CHARLOTTE, N.C. — Monday, Pamela Wideman, Charlotte’s Housing and Neighborhood Services Department Director released a list of affordable housing projects she recommends the city take up this year, totaling roughly $15 million.
The money would come from the Charlotte Housing Trust Fund, funded from voter-approved housing bonds.
In total, 10 affordable housing projects are being considered for a piece of that funding, but Monday Wideman only recommended that Charlotte City Council move forward on nine of them.
The project that was left out was the new Brookhill redevelopment project.
A North Carolina developer, based in Raleigh plans to transform Brookhill Village into an apartment community like many others you see in the South End, complete with luxury amenities including, a pool, gym, playground and dog park.
The community will include 160 market-rate apartment flats and townhomes, but unlike other luxury communities around Charlotte, the developer says 50% of the units will be affordable with 65 apartment flats offered at 30% AMI, meaning for people making under $24,000 a year.
The developer says an additional 97 flats will be offered at 60% AMI, and two flats at 80% AMI.
“This is an incredible opportunity that will not come around again in South End,” said Ray McKinnon, pastor of the South Tryon Community United Methodist Church which sits at the corner of the neighborhood.
“A lot of communities with a 30% AMI price point are saddled with other outside forces like food deserts. That isn’t the case here,” said McKinnon,
McKinnon noted Brookhill is located only two miles from uptown Charlotte and has many nearby by conveniences including the New Bern Lynx Light Rail stop, a grocery store, as well as bars, restaurants and the rest of South End at its fingertips.
He says his organization, the South Tryon Community Development Corporation, is working with the developer, Tom Hendrickson, to keep current residents in the neighborhood.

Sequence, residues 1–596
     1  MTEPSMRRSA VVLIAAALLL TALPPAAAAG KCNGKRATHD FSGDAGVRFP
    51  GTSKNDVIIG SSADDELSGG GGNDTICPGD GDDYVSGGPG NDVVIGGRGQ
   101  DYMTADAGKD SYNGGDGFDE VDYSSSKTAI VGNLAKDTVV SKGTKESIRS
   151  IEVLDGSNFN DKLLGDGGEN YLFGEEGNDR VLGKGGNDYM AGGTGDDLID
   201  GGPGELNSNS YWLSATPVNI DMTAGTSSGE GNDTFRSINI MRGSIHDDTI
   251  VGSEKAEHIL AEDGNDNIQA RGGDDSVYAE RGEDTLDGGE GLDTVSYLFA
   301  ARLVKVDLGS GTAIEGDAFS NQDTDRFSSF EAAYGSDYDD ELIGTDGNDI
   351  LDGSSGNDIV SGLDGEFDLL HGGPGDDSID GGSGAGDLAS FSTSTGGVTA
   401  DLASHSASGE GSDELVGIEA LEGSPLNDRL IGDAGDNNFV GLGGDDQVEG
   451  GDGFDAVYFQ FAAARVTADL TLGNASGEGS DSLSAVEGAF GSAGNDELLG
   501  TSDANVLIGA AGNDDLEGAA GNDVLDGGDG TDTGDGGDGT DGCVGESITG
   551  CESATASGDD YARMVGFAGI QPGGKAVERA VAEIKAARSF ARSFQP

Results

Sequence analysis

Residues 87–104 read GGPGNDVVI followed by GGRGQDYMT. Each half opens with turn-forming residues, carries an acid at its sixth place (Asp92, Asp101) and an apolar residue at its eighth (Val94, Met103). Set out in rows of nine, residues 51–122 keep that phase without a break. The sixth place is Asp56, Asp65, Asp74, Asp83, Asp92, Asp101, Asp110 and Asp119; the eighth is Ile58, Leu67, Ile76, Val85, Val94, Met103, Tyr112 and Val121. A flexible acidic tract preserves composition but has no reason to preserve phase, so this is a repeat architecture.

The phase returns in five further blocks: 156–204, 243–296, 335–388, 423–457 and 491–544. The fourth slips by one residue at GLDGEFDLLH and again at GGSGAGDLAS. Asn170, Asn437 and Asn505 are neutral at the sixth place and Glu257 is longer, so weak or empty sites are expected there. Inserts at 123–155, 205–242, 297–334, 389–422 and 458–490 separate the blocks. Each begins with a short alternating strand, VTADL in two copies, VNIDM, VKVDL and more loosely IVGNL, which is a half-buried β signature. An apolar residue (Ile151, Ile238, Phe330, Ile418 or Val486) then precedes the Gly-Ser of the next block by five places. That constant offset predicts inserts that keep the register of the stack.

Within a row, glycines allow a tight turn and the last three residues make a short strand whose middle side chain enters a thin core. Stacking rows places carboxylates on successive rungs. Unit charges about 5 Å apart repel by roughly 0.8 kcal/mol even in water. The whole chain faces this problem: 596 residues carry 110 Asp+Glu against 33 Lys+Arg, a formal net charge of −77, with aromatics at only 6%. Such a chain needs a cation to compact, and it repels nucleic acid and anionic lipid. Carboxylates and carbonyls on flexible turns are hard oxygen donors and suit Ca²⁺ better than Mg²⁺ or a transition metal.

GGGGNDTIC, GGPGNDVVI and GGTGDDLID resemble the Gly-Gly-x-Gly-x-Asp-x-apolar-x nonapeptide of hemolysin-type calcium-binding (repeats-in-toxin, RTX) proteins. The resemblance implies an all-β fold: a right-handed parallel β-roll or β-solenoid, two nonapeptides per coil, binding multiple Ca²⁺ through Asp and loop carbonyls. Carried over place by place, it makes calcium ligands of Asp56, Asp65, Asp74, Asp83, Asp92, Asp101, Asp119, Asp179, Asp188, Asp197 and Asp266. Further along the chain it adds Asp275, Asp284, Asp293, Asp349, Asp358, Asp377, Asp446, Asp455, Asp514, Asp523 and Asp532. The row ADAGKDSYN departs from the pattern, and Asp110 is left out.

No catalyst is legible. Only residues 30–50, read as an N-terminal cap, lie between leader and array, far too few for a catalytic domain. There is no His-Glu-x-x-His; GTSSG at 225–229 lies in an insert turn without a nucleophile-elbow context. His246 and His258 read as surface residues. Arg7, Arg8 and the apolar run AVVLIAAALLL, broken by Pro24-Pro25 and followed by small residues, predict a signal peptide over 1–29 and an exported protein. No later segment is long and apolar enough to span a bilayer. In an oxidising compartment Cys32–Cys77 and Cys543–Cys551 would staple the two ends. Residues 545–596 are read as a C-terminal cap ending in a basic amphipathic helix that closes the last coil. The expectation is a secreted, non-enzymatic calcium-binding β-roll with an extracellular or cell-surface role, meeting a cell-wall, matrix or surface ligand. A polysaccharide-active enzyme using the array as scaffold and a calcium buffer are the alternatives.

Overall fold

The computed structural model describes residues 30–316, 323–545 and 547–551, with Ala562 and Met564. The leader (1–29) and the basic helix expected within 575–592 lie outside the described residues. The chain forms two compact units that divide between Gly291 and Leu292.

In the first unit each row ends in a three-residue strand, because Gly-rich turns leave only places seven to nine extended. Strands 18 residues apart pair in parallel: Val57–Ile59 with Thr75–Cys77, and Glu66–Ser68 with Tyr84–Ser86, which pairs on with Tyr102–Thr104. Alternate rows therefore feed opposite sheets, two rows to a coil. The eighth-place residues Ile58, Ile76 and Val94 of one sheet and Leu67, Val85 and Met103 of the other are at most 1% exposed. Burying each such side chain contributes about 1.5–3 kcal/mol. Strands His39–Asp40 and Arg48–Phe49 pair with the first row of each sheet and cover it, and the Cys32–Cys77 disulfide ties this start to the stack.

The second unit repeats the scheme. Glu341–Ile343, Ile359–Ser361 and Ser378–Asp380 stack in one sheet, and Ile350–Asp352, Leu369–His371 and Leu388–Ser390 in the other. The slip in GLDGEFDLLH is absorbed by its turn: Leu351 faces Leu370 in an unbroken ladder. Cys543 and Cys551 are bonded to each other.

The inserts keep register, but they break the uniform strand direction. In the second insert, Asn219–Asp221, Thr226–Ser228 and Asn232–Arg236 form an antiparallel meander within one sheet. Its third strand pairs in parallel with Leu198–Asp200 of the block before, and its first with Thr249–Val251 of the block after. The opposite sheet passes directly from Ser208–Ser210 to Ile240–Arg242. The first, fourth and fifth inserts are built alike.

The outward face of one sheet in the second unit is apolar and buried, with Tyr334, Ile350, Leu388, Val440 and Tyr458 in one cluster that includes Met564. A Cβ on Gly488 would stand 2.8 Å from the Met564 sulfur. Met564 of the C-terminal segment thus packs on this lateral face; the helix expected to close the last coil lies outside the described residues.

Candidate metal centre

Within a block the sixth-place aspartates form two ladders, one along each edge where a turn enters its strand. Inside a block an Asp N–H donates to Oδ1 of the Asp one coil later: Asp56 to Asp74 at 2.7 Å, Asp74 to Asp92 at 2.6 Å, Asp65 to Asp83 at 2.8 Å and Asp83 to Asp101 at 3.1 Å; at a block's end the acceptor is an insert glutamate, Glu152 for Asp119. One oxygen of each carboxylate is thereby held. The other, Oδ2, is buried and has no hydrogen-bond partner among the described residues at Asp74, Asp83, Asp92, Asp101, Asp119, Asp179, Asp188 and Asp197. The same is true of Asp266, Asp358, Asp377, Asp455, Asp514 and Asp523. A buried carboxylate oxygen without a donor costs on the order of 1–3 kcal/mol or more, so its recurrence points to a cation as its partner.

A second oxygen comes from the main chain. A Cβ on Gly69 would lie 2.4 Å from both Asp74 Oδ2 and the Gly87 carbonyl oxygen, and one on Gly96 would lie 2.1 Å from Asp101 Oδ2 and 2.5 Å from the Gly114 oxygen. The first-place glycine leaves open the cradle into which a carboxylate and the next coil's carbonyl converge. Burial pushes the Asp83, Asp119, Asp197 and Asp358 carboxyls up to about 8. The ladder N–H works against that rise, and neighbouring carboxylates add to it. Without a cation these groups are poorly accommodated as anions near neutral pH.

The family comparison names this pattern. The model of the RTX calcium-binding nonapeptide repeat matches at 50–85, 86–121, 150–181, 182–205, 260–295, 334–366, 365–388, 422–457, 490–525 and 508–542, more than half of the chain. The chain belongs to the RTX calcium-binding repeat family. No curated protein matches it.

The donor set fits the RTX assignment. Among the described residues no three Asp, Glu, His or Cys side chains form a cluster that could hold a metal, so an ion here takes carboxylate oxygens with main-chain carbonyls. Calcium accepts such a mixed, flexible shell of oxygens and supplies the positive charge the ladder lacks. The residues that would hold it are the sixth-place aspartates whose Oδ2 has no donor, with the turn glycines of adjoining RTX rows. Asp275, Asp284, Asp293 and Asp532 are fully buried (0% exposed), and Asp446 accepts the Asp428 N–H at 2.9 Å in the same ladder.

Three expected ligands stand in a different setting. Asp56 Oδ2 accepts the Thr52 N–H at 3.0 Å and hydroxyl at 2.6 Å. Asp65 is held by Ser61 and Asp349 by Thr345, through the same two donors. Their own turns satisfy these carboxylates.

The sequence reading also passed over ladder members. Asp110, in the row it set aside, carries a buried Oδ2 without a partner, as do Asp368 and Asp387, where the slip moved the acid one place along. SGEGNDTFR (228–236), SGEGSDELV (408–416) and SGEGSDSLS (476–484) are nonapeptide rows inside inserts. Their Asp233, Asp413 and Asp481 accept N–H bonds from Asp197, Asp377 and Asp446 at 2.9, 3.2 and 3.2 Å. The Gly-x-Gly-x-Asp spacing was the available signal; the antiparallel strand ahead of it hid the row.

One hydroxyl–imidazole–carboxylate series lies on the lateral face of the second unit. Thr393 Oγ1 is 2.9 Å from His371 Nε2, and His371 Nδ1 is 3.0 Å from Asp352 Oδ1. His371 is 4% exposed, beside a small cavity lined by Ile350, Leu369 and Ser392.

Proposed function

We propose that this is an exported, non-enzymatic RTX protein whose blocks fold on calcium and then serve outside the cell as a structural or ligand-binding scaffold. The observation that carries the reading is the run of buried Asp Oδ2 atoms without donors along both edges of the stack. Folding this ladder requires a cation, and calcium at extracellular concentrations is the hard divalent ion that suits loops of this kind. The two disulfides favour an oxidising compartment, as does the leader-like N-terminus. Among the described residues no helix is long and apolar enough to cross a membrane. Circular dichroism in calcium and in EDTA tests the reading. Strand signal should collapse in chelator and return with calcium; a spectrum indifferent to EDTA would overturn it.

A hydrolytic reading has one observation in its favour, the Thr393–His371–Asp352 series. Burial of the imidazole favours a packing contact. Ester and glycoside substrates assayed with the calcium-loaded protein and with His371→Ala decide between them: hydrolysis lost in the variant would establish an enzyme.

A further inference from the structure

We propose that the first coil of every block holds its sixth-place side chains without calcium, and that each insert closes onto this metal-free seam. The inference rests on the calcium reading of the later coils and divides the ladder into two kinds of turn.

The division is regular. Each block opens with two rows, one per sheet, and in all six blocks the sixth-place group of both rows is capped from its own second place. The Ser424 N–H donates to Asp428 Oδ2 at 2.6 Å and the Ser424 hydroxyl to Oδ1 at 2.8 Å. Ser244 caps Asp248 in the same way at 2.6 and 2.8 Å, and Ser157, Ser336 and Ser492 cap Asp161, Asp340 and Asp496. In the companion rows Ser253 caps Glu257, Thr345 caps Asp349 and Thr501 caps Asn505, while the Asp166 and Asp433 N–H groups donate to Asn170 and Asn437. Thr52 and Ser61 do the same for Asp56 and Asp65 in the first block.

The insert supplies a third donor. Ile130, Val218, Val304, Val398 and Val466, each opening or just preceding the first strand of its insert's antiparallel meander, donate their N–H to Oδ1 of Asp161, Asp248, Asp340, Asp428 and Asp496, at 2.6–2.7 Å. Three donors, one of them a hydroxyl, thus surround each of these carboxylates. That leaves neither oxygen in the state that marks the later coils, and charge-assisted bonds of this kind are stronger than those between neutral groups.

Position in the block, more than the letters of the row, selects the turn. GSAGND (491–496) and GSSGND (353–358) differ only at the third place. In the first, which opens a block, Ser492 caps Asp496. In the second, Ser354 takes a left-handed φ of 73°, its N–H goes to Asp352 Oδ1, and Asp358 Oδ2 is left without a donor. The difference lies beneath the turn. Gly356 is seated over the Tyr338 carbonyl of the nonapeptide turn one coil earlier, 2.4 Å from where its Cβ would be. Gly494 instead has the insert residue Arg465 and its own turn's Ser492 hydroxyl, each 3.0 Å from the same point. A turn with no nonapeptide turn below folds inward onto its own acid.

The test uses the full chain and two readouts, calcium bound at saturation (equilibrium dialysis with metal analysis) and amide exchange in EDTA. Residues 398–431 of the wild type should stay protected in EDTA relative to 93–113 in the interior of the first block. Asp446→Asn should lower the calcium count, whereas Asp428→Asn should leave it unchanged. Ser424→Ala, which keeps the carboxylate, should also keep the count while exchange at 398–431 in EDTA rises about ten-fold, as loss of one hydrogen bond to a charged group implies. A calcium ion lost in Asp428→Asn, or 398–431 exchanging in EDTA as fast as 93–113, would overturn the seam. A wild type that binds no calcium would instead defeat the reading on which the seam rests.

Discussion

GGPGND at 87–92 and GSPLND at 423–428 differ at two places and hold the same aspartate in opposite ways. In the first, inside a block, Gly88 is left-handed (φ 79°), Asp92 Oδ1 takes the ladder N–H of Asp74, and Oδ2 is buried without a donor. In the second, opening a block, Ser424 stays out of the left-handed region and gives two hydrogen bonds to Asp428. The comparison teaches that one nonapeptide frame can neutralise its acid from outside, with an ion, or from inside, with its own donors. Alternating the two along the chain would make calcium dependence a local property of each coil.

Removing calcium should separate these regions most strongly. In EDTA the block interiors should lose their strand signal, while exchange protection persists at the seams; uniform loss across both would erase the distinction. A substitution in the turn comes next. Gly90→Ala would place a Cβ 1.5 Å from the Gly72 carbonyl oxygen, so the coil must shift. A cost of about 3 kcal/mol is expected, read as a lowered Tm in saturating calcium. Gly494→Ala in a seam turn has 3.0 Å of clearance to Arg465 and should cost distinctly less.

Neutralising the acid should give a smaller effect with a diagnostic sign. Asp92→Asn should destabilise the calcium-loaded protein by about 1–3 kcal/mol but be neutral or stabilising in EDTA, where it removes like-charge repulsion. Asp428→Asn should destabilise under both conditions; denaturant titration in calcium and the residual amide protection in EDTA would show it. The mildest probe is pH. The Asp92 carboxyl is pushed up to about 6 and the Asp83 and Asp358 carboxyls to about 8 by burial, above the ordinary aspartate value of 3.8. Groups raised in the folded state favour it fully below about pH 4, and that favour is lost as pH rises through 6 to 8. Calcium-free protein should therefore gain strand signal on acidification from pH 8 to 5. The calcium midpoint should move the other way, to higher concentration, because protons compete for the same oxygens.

“A lot of whom live in Brookhill, it’s where they were raised, it’s where they raised their families," McKinnon said. "They’re the folks we think about when we say, the people who have made Charlotte what it is should be able to afford to live here."
But the developer says in order to be able to offer affordable units, his firm is requesting a $10 million loan from the LISC Charlotte Housing Opportunity Investment Fund, a $4.5 million loan from the City of Charlotte Housing Trust Fund, and a $5.34 million grant from the city to bring up to standards existing street right-of-ways and extend required streets for the development.
During Monday’s meeting with Charlotte City Council, Wideman said, “the developer is requesting a significant amount of public investment with no assurances of affordability beyond the leasehold period.”
Hendrickson started Brookhill Land Lease Ventures, LLC, after purchasing the 27-year land lease late last year. Hendrickson now owns the land lease, but a company affiliated with Charlotte billionaire C.D. Spangler owns the land.
Wideman said she’s concerned that once the land lease is up, the city will have no control over what happens on the land, among other concerns.
“Some of them were valid, some of them were more subjective than objective,” said McKinnon.
He says he and Hendrickson will be working to address those concerns and answer questions brought up by members of Charlotte’s City Council before their vote.
The city council is expected to vote on which affordable housing projects will receive funding on April 27.
On Tuesday, the developer released this statement saying, "The people of Brookhill deserve safe, decent, affordable housing. Meeting the affordable housing challenge in Charlotte will require creative solutions and strong leadership. The New Brookhill development team is committed to doing our part to work with city leaders and community partners over the next few weeks to find timely ways to support affordable housing in New Brookhill."
“The developer is going to find a way for the development to happen, right, it’s going to happen, the status quo is no longer," McKinnon said. “The question now is will the folks who get to benefit in that development be the people who have lived there for decades or will it not.”